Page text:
When it comes to things which can trip up your personal injury claim, there are a few less forgiving traps than the statute of limitations. Consider that an injury victim could be in the most deserving category having been completely blameless for a serious accident. The injuries could be catastrophic and the right to recover absolute. Yet if the injury victim misses the statute of limitations deadline by just one minute, then there will be no compensation.
Why such a harsh rule? Personal injury law is actually a delicate balance between the rights of plaintiffs and defendants. Plaintiffs have the right to recover compensation. Defendants have the right to defend themselves, and, after a certain period of time, to know that they will be free of any claims. While the statute of limitations deadlines are harsh in their effect, their operation in the law is generally well-known.
Under Virginia law generally, an injury victim must file a lawsuit within two (2) years of the date of accident (if the victim has not already settled the case first). Things get complicated when there are minors, disabled, or incarcerated claimants involved. Also, the deadline may be somewhat unclear if the claimant is asserting a medical malpractice claim. (Deadlines may be postponed when the malpractice is concealed by the doctor or if there has been an ongoing course of treatment following the malpractice).
Since the statute of limitations rule is so harsh, an injury victim is advised to err on the side of caution. Our office uses a computerized calendaring system where input the deadline and then several back up deadlines in the weeks and months before the final date. If a suit is going to be filed, it needs to be filed with sufficient time to assure that the clerk’s office has marked it “received/filed” and that there are no technical problems with the filing. In one sad recent case involving another law firm, the suit papers were, in fact, left with the clerk but the filing fee was $1.00 short. Before the plaintiff’s attorney found out about the problem, the statute of limitations deadline passed, and a good personal injury case expired.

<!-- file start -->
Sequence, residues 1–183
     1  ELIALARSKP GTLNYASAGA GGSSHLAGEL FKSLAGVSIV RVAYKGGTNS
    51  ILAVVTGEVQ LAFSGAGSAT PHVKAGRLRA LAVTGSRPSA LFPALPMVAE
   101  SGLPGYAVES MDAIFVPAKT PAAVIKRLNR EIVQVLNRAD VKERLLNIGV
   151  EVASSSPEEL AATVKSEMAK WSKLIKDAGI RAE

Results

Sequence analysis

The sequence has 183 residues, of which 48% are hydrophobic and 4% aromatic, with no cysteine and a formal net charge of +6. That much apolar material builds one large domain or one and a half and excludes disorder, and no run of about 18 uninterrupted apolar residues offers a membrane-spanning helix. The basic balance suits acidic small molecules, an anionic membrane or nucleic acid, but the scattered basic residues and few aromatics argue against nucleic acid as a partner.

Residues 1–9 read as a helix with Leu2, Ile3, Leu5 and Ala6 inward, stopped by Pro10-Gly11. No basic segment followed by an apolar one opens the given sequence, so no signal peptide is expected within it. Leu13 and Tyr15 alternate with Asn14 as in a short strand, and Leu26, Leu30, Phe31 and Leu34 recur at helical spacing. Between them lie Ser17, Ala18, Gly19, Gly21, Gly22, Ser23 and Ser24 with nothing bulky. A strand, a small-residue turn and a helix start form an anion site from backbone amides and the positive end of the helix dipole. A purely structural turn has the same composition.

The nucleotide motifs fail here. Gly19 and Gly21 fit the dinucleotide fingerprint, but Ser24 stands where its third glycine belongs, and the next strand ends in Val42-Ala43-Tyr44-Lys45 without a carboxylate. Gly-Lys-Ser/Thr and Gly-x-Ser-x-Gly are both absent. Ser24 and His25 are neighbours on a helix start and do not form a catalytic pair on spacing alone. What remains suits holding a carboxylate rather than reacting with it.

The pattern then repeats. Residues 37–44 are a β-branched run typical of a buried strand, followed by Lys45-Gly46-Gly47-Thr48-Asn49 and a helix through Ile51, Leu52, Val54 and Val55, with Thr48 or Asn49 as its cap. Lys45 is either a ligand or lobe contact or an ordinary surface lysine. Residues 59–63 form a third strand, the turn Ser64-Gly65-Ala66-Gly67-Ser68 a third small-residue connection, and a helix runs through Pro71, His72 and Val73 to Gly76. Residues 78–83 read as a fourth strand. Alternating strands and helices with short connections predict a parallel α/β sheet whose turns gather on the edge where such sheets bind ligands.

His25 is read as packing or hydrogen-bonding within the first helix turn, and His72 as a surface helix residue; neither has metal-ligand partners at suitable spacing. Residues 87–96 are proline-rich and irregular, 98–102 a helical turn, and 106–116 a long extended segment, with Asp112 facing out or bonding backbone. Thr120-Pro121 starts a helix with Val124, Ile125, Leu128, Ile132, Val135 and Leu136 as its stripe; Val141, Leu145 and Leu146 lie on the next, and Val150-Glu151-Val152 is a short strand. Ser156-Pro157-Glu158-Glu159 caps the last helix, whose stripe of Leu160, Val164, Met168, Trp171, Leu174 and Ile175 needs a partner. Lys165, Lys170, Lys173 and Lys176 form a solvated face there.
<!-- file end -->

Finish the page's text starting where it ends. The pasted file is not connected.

In addition to the obvious problems the statute of limitations law creates, it can also set a psychological trap for the unwary. Claimants and even law firms can fall into the trap of procrastination: after all, two years is a long time to get a lawsuit filed. People forget that the hard work of a lawsuit must be done at the early phases before a lawsuit is filed. Most importantly, the claim must be thoroughly investigated early on in the case. Lawyers like to consider evidence to be “perishable” just like vegetables in the produce aisle. Skid marks in the road erase over time. Surveillance videotape may be destroyed or recorded over. Witnesses leave town or their memory begins to fade. The failure to secure the most basic evidence can cause damage to a personal injury case well before the statute of limitations is a problem.
For this and so many other reasons, it is crucial to retain counsel early if it is your intention to do so. Think of your case as a bunch of ripening bananas which will be covered in brown spots in just a day or so You don’t want to procrastinate in using those bananas!
Reviewing your case with competent counsel costs nothing. Even if you decide not to retain counsel, you may feel better just knowing that you did.